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Frequently Asked Questions
Family Building Resources
My partner and I started trying 6 months ago to get pregnant and we are getting a little worried.
When do we see a doctor?
Anne: It depends on how old you are: The ASRM - Association of Reproductive Medicine - defines infertility as the inability to achieve pregnancy after 12 months of trying. Only 60% of couples are actually pregnant after 6 months of concerted efforts. However, you might want to be sure you know when you are ovulating by using an ovulation predictor kit and then give it another 6 months. *If you are 35 or older (for women) the ASRM recommends seeking medical advice after only 6 months of trying to conceive.
Is InVitro Fertilization (IVF) always successful and how expensive is it?
Anne: Success rates for IVF have improved since it first became available in the early 80’s. Since that time over 5 million babies have been born world wide using this technology. However, it is not always successful. Many factors influence success rates. Among them: age of patients, diet, weight, cause of infertility, other medical factors, etc.
“Success” is measured differently and by various factors, so when you research clinics, it is important to be aware of this, and look carefully at the statistics. According to the CDC and SART (Society for Assisted Reproductive Technology) in the 2014 National Summary, for women under 35, live birth rates ranged from 37%-46% per cycle , depending on whether donor or non-donor eggs were used and whether the embryos were fresh or frozen. This rate dropped to 10 - 32% per cycle for ages 41-42, again depending on the above factors. To view this report, go to: https://www.cdc.gov/art/pdf/2014-report/art-2014-national-summary-report.pdf. Your doctor is the best person to ask about your chances of conception with IVF since s/he will have the full picture of your situation.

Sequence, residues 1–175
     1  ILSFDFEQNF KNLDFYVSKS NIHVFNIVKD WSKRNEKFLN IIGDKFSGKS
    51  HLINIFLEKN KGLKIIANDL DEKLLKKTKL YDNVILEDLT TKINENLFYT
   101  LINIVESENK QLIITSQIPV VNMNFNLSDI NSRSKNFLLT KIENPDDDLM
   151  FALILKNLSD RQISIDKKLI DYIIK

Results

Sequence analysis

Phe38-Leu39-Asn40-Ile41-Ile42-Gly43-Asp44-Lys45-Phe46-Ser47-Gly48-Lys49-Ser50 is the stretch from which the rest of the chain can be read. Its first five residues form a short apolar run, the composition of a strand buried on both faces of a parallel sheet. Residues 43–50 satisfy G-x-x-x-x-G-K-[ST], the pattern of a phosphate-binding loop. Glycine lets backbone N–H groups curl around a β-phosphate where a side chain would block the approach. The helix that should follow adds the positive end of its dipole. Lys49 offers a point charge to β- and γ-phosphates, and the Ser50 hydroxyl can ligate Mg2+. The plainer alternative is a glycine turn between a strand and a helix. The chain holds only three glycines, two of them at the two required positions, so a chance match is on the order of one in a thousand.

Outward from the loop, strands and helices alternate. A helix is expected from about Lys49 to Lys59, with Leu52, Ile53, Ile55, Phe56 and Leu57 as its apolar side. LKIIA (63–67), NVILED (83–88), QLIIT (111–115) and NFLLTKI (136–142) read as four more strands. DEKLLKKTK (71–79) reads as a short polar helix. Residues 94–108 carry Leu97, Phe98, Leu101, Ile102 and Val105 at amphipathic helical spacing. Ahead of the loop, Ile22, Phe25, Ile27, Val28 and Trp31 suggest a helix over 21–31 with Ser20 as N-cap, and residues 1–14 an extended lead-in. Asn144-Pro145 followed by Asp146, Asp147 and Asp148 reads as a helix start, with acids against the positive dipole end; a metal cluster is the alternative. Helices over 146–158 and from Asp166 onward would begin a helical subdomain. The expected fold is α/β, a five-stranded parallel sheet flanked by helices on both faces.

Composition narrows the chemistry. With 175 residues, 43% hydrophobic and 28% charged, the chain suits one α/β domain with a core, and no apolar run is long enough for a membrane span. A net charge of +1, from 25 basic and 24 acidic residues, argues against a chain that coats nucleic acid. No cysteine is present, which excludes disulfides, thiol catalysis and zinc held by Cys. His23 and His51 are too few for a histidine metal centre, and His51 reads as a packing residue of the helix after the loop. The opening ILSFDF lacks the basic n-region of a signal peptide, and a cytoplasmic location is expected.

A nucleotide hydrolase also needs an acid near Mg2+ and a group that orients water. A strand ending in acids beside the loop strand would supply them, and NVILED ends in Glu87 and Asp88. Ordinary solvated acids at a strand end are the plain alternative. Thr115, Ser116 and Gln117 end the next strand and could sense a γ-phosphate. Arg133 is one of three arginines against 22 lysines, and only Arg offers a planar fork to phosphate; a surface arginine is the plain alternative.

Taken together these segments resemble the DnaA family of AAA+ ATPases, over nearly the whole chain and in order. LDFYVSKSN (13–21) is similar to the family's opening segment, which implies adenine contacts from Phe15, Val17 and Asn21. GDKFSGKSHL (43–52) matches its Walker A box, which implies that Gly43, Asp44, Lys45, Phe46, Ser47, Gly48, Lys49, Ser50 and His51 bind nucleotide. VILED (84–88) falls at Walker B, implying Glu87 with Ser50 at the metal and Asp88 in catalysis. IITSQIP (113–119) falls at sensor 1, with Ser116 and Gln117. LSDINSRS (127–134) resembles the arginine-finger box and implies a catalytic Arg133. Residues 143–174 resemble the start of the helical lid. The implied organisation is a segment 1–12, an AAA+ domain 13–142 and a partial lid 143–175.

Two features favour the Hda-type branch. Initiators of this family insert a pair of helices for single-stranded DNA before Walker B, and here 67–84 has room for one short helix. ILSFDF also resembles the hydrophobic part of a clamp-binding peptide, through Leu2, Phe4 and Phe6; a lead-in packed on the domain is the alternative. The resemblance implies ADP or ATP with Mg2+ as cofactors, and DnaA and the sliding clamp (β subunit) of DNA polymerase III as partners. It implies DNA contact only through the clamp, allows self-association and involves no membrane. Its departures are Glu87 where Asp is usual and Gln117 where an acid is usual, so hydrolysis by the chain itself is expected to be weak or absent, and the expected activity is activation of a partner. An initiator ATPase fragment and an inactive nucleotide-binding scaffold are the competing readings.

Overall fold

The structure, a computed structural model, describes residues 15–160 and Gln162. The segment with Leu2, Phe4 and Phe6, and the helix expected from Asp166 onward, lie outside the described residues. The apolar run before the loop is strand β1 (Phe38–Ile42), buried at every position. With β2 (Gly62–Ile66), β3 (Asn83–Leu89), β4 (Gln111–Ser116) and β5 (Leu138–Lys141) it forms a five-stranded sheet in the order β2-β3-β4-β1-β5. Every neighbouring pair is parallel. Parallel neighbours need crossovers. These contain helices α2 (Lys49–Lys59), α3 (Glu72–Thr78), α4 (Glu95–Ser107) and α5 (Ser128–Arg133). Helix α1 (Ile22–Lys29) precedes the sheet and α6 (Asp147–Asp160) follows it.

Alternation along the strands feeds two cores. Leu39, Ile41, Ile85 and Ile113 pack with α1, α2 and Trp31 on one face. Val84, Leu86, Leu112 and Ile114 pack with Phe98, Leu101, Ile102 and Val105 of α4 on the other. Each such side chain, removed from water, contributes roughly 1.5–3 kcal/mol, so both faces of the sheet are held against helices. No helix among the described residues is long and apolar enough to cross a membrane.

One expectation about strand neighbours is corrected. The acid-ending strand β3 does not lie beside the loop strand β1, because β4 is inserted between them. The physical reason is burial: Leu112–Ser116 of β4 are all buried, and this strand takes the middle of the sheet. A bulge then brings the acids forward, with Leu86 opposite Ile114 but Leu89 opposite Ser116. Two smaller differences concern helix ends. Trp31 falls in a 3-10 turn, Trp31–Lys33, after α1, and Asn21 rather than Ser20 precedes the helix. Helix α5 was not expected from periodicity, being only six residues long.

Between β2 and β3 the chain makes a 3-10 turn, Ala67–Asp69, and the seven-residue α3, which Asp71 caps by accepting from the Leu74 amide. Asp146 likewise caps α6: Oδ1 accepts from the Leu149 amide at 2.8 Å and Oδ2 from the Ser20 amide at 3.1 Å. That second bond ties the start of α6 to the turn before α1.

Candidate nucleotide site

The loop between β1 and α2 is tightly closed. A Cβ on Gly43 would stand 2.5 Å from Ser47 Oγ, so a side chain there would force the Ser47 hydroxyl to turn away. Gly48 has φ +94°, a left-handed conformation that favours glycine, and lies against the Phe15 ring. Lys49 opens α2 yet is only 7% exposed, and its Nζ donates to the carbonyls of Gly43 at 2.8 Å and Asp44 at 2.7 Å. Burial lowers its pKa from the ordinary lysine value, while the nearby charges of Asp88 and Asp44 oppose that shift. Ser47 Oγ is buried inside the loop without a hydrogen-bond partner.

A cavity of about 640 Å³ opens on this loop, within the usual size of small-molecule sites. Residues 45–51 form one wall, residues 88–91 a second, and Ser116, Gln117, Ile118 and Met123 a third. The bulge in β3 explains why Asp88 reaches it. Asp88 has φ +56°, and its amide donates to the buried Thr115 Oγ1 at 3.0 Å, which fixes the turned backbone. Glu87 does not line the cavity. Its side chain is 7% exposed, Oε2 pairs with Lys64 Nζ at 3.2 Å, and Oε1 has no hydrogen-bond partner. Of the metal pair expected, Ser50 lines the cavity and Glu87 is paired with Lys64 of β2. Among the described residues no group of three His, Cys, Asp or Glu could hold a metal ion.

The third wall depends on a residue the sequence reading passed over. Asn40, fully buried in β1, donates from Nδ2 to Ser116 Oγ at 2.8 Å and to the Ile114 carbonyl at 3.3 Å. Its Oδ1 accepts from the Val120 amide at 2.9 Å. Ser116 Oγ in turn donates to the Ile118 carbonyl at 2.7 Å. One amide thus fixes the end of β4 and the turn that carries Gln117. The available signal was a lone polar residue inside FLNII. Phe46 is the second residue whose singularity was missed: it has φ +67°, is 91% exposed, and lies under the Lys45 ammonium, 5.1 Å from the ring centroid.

We are not able to have biological children and have decided to adopt.
But we have no idea where to begin.
Anne: Adoption can be a little overwhelming with so many things to consider, and a jumble of internet stories ranging from the perfect match of a baby into a family, to adoption scams. In 2015 approximately 135,000 children were adopted into US families, of which about 5500 were international adoptions. However, it is also important to realize that the landscape of adoption has changed dramatically in recent years; in 1970 approximately 175,000 children were adopted, and the trend has been downward ever since, with fewer babies available in this country, as well as abroad (see question below addressing this in detail). This makes adoption a more expensive process and a longer process then ever before. However, with a good plan and persistence, adoption is a viable way to build your family.
Here are some basic questions to begin asking yourselves:
1. Do we want to adopt a baby from the US or do we want to adopt internationally?
2. How do we feel about race, gender, special needs of a child, and drug use of a birth mother?
3. Do we want a baby, a toddler, or an older child?
4. How long are we willing to work at this?
5. How much money do we have to spend?
Once you have settled on domestic or international adoption, a good next step is to begin doing some of your own research.
If you are committed to international adoption, take a look at the US State Department website which has a wealth of information on intercountry adoptions, which can be helpful in narrowing your search as to which countries. Here is a good link: https://travel.state.gov/content/adoptionsabroad/en/about-us/our-role.html. You will have to have your home study done by a local licensed agency, and then you will choose an organization that does international adoptions in the country from which you would most like to adopt. There are many of them around the US.
If you have opted for domestic adoption, you will first need to choose the type of adoption service you would like to use. Options include:
• Large national licensed adoption agencies • Smaller local licensed adoption agencies • Adoption Law Centers • Private attorneys • Adoption Facilitators
There are pros and cons to each choice and it is good to read about these various options. Each of these entities will support you through the process. With so many choices and decisions, it can be helpful to engage an adoption coach or counselor to objectively help you navigate everything and to have as part of your support system as you go through the process.
I’m a woman in my early 30’s, and I know I want kids, I’m just not sure when..
Are there steps I should start taking now?
Anne: Meeting with your OB/GYN and talking about your plans is a good first step. If there is any reason to believe your fertility might be compromised they may run some tests or refer you to a Reproductive Endocrinologist to do a complete fertility evaluation which will look at your ovulation patterns, ovarian reserve, etc. Depending on your age, freezing your eggs for when it is the exact right time is an option, but it is costly and a medical procedure not to be taken lightly. Since you want kids soon, assessing your fertility first is a good first step. For more on egg freezing, see question below.
We are a gay couple who wants to have kids, what are our options?